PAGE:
Here's my side of an email exchange I had with some philosopher friends. This is in relation to whether Muslims and Christians worship/believe the same God.
When Sarah Palin ran for Veep, she was parodied by Tina Fey on SNL. Fey's impersonation referred to Palin.
Some confused voters attributed to Palin things that Fey actually said. (I've read this is true.)
Did voter impressions of Palin based entirely on Fey refer to Palin? Did they believe in the same Palin by believing in Fey's impersonation?
The relation seems to be indirect at best. Fey is clearly referring to Palin. Consciously targeting Palin.
But the voters in question don't have that frame of reference. For them, the referent of Palin is Fey's parody. Their beliefs are about FeyPalin, rather than Sarah Palin.
Sure, their beliefs about Sarah Palin are wrong, yet that's not based on their viewpoint, but the viewpoint of someone who can compare and contrast FeyPalin with Sarah Palin. It's very roundabout.
The belief of the voters in question is a crucial step removed from Sarah Palin. It's filtered through political satire. A deliberate misrepresentation of the object. Yet that's all they have to go by. So is it still about Sarah Palin?
If they knew that Tina Fey was lampooning Palin, that would be different.
What does it mean to be about something? On a standard definition, it means to represent or stand for something.
Fey's parody is about Sarah Palin. But the belief of the voters is about Fey's parody. Is a belief about a parody about Sarah Palin a belief about Sarah Palin, or is that just a belief about the parody? Does it stop with the parody, or does it carry all the way through to what Fey had in mind? But the voters in question don't have access to what Fey had in mind. They don't realize this is political satire. And the parody is intentionally different from the subject. A caricature.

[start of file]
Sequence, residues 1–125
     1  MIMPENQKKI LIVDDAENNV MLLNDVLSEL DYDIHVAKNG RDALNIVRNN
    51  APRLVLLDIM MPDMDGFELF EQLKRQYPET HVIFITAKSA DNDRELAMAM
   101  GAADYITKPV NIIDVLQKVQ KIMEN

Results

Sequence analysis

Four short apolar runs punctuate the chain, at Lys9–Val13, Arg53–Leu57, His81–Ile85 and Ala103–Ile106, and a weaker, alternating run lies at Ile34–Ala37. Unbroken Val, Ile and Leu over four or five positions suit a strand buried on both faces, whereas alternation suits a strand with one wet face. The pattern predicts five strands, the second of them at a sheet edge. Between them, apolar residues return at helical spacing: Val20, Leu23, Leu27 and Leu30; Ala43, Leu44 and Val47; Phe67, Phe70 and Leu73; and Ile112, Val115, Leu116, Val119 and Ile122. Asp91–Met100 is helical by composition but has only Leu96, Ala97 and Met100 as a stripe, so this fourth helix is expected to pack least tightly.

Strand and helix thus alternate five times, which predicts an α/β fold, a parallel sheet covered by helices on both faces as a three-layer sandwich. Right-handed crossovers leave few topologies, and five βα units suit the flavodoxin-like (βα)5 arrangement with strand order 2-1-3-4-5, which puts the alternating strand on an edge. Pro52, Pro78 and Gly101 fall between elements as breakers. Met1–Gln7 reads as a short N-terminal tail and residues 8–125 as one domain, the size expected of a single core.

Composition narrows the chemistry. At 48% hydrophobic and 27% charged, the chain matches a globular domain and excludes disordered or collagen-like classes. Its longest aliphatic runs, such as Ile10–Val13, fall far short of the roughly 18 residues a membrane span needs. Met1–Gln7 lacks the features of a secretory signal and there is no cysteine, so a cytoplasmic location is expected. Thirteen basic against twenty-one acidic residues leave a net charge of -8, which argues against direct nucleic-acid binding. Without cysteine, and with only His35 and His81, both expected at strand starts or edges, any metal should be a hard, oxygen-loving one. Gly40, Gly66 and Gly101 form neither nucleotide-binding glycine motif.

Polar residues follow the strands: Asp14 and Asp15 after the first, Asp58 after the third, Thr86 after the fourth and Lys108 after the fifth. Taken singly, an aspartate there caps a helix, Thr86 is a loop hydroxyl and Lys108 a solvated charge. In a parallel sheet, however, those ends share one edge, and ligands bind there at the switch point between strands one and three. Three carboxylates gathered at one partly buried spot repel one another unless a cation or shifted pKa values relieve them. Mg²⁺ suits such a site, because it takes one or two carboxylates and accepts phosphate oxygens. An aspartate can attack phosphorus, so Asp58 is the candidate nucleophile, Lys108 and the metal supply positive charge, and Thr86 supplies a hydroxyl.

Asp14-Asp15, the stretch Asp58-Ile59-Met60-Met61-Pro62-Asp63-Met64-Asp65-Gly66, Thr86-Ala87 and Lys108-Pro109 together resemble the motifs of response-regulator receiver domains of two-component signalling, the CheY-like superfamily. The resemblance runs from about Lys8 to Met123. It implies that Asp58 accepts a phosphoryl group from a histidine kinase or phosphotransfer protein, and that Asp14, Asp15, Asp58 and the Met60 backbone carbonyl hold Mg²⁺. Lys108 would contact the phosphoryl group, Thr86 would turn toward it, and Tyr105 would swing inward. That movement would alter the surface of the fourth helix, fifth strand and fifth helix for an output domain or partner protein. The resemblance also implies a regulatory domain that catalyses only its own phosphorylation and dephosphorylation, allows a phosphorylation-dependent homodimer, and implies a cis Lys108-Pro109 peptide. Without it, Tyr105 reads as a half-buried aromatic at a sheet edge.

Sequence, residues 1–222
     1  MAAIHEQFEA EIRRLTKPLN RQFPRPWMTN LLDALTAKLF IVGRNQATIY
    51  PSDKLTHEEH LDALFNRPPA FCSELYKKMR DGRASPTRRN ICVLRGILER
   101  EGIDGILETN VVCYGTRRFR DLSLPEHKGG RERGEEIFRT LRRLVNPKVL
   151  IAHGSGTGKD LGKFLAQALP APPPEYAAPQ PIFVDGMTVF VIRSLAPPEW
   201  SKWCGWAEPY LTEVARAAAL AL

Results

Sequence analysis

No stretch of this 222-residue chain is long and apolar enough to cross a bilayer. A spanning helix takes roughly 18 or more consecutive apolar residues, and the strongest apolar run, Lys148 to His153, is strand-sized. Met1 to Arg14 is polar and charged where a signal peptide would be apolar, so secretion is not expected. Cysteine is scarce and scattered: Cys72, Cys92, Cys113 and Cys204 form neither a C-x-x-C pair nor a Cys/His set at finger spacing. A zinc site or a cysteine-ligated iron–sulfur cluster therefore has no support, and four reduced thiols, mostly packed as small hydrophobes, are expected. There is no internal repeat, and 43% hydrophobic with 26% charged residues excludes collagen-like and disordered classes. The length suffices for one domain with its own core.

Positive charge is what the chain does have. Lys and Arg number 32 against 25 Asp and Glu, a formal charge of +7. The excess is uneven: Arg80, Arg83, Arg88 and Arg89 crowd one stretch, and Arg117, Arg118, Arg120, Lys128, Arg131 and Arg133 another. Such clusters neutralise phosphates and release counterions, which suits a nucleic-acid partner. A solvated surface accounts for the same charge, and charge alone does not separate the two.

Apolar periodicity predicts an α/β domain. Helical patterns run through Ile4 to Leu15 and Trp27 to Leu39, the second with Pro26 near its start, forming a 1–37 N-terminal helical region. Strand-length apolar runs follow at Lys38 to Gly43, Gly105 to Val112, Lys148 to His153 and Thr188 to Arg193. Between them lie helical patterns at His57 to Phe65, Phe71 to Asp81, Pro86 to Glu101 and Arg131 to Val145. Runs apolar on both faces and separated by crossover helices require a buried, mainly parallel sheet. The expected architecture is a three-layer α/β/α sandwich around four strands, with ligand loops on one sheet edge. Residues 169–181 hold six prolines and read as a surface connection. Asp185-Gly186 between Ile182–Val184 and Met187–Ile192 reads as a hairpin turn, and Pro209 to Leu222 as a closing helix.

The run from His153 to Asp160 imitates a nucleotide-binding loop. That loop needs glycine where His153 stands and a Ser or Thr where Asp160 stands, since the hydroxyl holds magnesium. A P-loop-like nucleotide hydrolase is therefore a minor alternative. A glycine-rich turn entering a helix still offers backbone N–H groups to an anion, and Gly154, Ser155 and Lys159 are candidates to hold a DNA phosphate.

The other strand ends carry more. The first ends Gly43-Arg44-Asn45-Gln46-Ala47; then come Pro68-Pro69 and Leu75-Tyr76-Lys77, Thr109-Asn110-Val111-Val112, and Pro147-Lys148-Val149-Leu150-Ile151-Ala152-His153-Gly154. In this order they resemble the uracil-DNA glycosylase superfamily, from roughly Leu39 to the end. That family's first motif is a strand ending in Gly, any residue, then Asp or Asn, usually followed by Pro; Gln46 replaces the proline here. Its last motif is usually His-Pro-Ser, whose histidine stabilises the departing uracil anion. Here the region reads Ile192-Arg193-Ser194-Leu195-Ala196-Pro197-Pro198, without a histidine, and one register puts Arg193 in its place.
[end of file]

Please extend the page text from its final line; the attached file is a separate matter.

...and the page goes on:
A voter's belief about a spoof about Sarah Palin. A double about. Is it the same referent from start to finish?
If the voter knew this was a satirical impersonation, then I'd say yes. If the voter had an independent basis of comparison, then I'd say yes.
But it's not clear to me that the referent keeps on going as we shift from Fey to clueless SNL viewers. Can we switch out the perspective but maintain the referent?
Regarding the confused voters, what makes it the case that their belief regarding FeyPalin is transitive with respect to Sarah Palin? In virtue of what is their belief about FeyPalin a belief about Sarah Palin?
In the case of Tina Fey herself, I presume it's because she knows who Sarah Palin is, what Sarah Palin really said (or didn't say), and her intention to impersonate Sarah Palin. But those grounding conditions are absent in the case of voters whose information about "Sarah Palin" derives from an SNL skit.